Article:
Which one is your favorite? Are there any eBook readers I missed that you think deserve a mention? Share your thoughts with us in the comments below!

Related topics: Ebooks, eReader.

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  1. Tony
    August 16, 2018 at 6:50 pm

    Re this from the FBR review: "My biggest gripe about FBReader is an issue of convenience: it’s not possible to add more than one eBook to the library at a time."
    Navigate to the folder then use shift or control to select multiple files and they will all load into the library at once.

  2. Chris Henderson
    August 1, 2017 at 3:04 am

    I can't find one that lets me type in notes. Seems like a pretty basic feature to ignore, no?

    • Tony
      August 16, 2018 at 6:46 pm

      Try Okular. You can annotate and highlight etc. They call it the "Review" feature. It doesn't alter the original file only within Okular. If you don't already have it when you install get the okular extras package too.

  3. randondiesel
    June 20, 2017 at 12:19 pm

    I have the following preferences when it comes to ebook readers -- Android: Bookari (previously Mantano ebook reader), Amazon Kindle Paperwhite, Lucidor on desktop. I use Calibre to transform between epubs and kindle format (azw3) and sideload onto kindle too. I am finicky about the look and feel of my ebooks, so I take extra pain to include custom fonts to create a more printed book experience. I use Sigil to edit and correct the epubs. Just to be doubly careful, I also version manage the epub sources using git.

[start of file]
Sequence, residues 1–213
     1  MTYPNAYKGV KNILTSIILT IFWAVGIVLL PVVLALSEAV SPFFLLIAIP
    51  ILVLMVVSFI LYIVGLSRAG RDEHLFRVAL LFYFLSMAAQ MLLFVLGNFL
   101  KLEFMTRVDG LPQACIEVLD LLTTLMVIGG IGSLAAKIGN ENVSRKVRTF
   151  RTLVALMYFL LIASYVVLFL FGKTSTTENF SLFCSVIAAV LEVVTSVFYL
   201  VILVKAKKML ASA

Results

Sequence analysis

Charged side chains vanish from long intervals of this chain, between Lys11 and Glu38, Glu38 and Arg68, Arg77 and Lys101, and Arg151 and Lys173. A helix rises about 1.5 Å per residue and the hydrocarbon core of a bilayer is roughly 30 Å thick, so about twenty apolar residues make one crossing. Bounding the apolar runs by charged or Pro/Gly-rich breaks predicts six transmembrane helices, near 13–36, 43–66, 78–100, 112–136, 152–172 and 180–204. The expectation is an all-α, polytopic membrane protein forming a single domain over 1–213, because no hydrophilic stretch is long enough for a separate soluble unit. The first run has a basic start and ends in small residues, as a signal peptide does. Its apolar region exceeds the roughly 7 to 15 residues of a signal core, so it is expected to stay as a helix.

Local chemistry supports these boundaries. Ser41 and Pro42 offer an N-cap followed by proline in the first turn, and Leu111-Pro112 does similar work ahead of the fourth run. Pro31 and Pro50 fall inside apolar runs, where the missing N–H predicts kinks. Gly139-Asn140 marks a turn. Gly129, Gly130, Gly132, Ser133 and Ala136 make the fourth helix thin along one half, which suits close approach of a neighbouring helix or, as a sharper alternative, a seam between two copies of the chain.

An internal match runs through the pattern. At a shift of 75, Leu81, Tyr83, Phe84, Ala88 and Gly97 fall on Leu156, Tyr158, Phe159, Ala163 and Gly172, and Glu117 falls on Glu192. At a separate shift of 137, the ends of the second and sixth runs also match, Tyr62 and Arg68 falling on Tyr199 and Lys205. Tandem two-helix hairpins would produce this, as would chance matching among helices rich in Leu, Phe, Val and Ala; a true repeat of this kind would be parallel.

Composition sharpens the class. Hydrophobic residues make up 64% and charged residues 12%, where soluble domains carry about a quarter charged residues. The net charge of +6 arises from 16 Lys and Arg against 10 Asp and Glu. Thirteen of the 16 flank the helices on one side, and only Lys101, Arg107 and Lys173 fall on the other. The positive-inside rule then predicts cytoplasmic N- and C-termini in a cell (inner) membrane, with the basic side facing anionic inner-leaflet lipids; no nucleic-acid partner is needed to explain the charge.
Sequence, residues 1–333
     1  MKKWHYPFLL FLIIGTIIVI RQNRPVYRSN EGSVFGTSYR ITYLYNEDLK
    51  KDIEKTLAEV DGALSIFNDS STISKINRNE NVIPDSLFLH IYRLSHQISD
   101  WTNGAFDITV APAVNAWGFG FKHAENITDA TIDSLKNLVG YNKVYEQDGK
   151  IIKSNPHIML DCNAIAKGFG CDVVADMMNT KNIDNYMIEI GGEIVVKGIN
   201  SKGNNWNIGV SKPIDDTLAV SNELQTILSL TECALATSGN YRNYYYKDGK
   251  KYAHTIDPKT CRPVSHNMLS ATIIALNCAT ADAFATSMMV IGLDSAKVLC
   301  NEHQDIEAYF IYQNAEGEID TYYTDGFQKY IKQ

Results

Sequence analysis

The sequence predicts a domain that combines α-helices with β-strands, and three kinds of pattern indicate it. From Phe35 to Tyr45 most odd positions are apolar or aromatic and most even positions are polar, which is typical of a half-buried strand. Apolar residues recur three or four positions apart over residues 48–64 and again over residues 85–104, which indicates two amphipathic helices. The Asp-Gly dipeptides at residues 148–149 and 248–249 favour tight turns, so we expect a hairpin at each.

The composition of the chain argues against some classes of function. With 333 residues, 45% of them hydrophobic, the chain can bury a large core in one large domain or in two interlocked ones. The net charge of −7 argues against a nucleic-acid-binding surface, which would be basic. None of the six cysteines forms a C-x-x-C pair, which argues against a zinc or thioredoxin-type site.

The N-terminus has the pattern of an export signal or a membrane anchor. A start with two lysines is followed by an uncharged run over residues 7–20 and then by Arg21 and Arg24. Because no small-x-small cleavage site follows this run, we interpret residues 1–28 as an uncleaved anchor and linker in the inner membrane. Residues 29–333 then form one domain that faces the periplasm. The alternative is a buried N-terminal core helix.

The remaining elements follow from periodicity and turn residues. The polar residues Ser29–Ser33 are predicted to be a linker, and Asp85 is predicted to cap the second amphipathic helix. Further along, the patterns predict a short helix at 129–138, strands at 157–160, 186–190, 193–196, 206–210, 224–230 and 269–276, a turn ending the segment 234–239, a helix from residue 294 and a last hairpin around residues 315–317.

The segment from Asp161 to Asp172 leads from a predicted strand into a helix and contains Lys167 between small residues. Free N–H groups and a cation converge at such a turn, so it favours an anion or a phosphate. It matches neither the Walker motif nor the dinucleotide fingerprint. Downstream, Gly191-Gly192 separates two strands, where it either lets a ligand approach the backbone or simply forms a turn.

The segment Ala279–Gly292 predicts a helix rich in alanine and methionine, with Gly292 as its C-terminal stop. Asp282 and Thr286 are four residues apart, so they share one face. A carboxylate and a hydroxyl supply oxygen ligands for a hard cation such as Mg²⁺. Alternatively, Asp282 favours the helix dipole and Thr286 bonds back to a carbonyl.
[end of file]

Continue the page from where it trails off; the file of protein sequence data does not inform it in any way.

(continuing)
4. Andy
    July 10, 2016 at 6:46 pm

    Calibre is a horrible, horrible application. It opens an external reader for one. The main application is a library manager, completely useless if your library is just fine as it is, which most users are, duh. The fact that it copies the books to another directory is just plain stupid. Now I have two copies for absolutely no reason at all, just wasting disk space! There is no use for having two copies of 10 gigs worth of books. On there forums they state, " you can delete the original... how about not making a copy in the first place, you idiot. I don't need a cataloging application, just a reader, maybe a few covers or so, but the reader is the ultimate desired function. I advise to stay away from Calibre.

    • Ugh
      July 10, 2016 at 9:36 pm

      Calibre is a blessing in organizing and browsing your library and sending it to your ebook reader. It is much more convenient than just folders in your file explorer. If you don't need that and want "just a reader" then how about not using it in the first place, idiot? You are complaining that an application whose main purpose is organizing books(not a reader even though one is included) organizes books! And you are calling someone else an idiot?

    • Anonymous
      August 17, 2016 at 9:39 pm

      Andy, I agree with you 100%. I have installed Calibre for one reason only, to use the command line program ebook-convert. I never, ever run Calibre itself, the GUI program that infests your hard drive with tons of stuff you didn't want and didn't ask for. Just like Windoze!


      • Lig
        August 29, 2017 at 4:20 pm

        "the GUI program that infests your hard drive with tons of stuff you didn't want and didn't ask for. " That is pure lie or ignorance. Calibre doesn't do that. If someone has a better program to organize a huge library, I'm ready to listen to the suggestions.